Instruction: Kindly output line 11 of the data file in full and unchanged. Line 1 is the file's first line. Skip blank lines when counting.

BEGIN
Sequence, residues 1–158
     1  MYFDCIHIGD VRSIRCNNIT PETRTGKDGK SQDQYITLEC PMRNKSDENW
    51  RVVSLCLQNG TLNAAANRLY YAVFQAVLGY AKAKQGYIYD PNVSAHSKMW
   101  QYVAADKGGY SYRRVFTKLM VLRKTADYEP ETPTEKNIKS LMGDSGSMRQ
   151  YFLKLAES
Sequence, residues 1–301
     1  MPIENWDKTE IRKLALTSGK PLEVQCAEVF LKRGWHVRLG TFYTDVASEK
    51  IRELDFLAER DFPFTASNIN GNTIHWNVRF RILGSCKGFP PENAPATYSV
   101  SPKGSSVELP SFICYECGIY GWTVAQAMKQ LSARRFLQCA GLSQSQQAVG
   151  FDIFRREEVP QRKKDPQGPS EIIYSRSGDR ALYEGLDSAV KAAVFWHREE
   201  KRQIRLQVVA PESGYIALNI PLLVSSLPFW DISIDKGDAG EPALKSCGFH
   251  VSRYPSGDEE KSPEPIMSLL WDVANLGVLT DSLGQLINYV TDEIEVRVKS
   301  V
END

   201  KRQIRLQVVA PESGYIALNI PLLVSSLPFW DISIDKGDAG EPALKSCGFH